The Redskins started off horribly in 1998, and the Cowboys continued to make Washington miserable. Both Emmitt Smith and Chris Warren rushed for more than 100 yards in the blowout win.

Week 6: Dallas 27, Carolina 20

Despite two first-half touchdowns from former Dallas QB Steve Beuerlein to future Cowboy Rocket Ismail, the Cowboys finally figured out how to beat the Panthers. Two touchdown passes by Garrett erased an early 14-3 deficit, and a touchdown run by Smith helped to put the game away.

Week 7: Chicago 13, Dallas 12

The second of the 13-12 losses in 1998 (see above) was just as frustrating as the first. Dallas had a 12-7 lead in the second half thanks to a touchdown pass from Garrett to tight end David LaFleur, but Garrett could only manage 136 passing yards. Two Jeff Jaeger field goals were enough to give the Bears the win.

Week 8: Bye

And time to welcome Aikman back.

Week 9: Dallas 34, Philadelphia 0

Ray Rhodes final season was an ugly one, and Dallas dominated the Eagles in week 9. Aikman had two touchdown passes in his return.

Week 10: Dallas 16, N.Y. Giants 6

A touchdown pass from Aikman to Eric Bjornson helped the Cowboys put the Giants away and sweep the season series. Smith finished with 163 rushing yards to give him his highest total since 1995. He would never rush for more than 150 yards in a game after this one.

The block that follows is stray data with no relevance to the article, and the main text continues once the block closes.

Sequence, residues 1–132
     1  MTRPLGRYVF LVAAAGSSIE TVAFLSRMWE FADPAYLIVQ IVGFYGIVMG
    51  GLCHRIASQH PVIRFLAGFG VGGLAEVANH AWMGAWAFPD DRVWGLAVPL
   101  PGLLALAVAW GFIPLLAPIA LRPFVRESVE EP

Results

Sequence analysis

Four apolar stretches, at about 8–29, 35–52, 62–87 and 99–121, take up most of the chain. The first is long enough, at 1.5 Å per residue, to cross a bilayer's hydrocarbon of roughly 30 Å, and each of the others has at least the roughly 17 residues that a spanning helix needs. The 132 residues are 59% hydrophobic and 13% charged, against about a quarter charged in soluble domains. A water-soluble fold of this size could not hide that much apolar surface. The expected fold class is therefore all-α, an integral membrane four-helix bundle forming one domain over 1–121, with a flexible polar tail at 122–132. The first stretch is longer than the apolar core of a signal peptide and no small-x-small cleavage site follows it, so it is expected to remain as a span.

Week 11: Dallas 35, Arizona 28

Three touchdown runs by Smith gave the Cowboys a commanding 35-14 lead in the third quarter. However, the Cardinals roared back. Jake Plummer, who finished with 465 passing yards, threw two passes into the end zone to try to tie the game. However, cornerback Kevin Smith broke up the last of the two passes, and the Cowboys held on for the win.

Week 12: Dallas 30, Seattle 22

In a see-saw game, the Cowboys held off the Seahawks. Aikman threw two touchdown passes, and by the time Chris Warren scored against his former team in the fourth quarter, the game was all but over.

Week 13: Minnesota 46, Dallas 36

Randy Moss made the Cowboys pay for not picking him in the 1998 draft. The rookie caught three passes for 163 yards and three touchdowns, while Cris Carter added 135 yards on seven receptions. Aikman surpassed 400 yards for the only time of his career by completing 34 of 57 passes. Most of those passes, though, were part of a desperate attempt to keep up with the Vikings.